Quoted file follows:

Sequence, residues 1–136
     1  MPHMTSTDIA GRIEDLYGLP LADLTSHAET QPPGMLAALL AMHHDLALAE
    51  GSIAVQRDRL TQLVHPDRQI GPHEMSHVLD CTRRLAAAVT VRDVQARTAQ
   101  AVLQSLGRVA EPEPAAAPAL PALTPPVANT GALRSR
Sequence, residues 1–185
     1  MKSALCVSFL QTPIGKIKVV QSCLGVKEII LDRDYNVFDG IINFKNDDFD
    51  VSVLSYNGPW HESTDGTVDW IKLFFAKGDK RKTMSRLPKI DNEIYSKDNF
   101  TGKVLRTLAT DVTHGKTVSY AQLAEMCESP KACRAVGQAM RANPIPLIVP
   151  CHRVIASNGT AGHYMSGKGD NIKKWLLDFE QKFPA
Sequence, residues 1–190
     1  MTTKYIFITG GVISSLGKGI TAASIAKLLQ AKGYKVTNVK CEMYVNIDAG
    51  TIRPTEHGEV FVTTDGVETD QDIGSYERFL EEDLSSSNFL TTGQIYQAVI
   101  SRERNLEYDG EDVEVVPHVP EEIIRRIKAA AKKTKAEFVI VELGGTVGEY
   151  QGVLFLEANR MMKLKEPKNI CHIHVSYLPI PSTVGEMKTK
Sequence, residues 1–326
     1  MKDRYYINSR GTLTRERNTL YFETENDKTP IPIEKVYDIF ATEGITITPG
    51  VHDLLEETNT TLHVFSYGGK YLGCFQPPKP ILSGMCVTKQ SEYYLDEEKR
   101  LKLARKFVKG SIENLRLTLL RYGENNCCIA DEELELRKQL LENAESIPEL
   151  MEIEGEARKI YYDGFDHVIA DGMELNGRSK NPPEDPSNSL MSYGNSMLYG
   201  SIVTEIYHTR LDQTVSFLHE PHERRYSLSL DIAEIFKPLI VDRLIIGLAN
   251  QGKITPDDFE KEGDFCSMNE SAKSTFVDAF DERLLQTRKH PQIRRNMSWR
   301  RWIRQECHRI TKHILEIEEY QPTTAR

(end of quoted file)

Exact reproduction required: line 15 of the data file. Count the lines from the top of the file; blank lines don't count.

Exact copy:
Sequence, residues 1–326